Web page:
Mapping glymphatic pathway function in the human brain: Detecting glio-vascular changes that slow amyloid β clearance from the aging brain
Aging is the strongest risk factor for Alzheimer’s disease, yet the age-related changes that render the brain vulnerable to the development of Alzheimer’s disease remain unclear. The members of this research team are the pioneers who recently described the “glymphatic system” in animals, which helps to clear plaques and other substances from the brain and is also impaired in the aging brain. This team will use novel methods combined with an established imaging approach to measure the activity of the glymphatic system for the first time in human patients. If successful, this method may be able to provide insight into which patients are vulnerable to the build-up of plaques long before clinical symptoms arise. This could provide a window of treatment opportunities when lifestyle interventions and drug treatments have the greatest opportunity of preventing or delaying Alzheimer’s disease.
Jeffrey Iliff, Ph.D.
University of Washington School of Medicine & VA Puget Sound
Jeff is the Associate Director for Research at the VISN 20 NW Mental Illness, Research, Education and Clinical Center (MIRECC) at the VA Puget Sound Health Care System. He is a Professor in the Departments of Psychiatry and Behavioral Sciences and in Neurology at the University of Washington School of Medicine, where he is the Arthur J. and Marcella McCaffray Professor in Alzheimer’s Disease.
Starting as an undergraduate researcher at the University of Washington studying cerebral blood flow regulation, Jeff’s research has always focused on the brain vasculature as the crossroads of the CNS. He completed his PhD in Physiology and Pharmacology at Oregon Health & Science University focusing on mechanisms governing the release of neuropeptides from perivascular trigeminal afferents at the brain surface. As a postdoc in the lab of Maiken Nedergaard at the University of Rochester Medical Center, he led the team that initially characterized the glymphatic system, the network of perivascular pathways the supports the clearance of wastes from brain tissue during sleep. Since starting up his own lab in 2013, Jeff’s work has focused on defining the glial and vascular changes in the aging and post-traumatic brain that underlie impairment of glymphatic function and the vulnerability to the development of conditions like Alzheimer’s disease, Parkinson’s disease and chronic traumatic encephalopathy.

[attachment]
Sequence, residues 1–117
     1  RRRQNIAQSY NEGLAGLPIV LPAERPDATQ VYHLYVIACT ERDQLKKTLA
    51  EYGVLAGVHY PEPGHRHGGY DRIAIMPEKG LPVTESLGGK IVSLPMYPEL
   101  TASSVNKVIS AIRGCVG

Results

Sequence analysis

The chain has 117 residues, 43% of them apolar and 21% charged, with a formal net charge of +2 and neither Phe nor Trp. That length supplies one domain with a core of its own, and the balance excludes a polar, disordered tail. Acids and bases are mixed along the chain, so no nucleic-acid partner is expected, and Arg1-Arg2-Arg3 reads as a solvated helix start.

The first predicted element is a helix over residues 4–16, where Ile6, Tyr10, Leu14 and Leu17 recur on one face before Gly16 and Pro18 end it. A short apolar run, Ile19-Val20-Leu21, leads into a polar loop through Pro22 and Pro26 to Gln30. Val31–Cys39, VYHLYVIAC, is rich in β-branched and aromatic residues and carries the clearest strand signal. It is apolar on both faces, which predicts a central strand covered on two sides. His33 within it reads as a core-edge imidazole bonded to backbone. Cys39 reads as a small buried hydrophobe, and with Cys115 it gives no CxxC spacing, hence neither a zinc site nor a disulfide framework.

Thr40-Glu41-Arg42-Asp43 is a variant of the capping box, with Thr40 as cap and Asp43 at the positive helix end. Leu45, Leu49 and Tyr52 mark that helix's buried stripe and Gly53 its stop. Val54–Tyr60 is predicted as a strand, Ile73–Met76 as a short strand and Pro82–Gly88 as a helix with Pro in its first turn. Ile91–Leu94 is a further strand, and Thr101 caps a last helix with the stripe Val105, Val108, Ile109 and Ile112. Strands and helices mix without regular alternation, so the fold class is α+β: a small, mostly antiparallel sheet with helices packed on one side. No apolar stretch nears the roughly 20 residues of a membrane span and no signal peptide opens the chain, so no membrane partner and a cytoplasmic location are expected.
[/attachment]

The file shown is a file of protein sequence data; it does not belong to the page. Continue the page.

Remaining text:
William Rooney, Ph.D.
Oregon Health & Science University
Dr. William Rooney is Senior Scientist and Director of the Advanced Imaging Research Center, and Associate Professor in Behavioral Neuroscience, Biomedical Engineering, and Neurology at Oregon Health & Science University. Dr. Rooney is an imaging scientist and his research focus is on the development of non-invasive biomarkers of normal physiology and pathophysiology with a strong emphasis on vascular and metabolic phenotyping. A primary interest of this work is to understand the fundamental physiology of the glymphatic system in the human brain and generate maps of its function.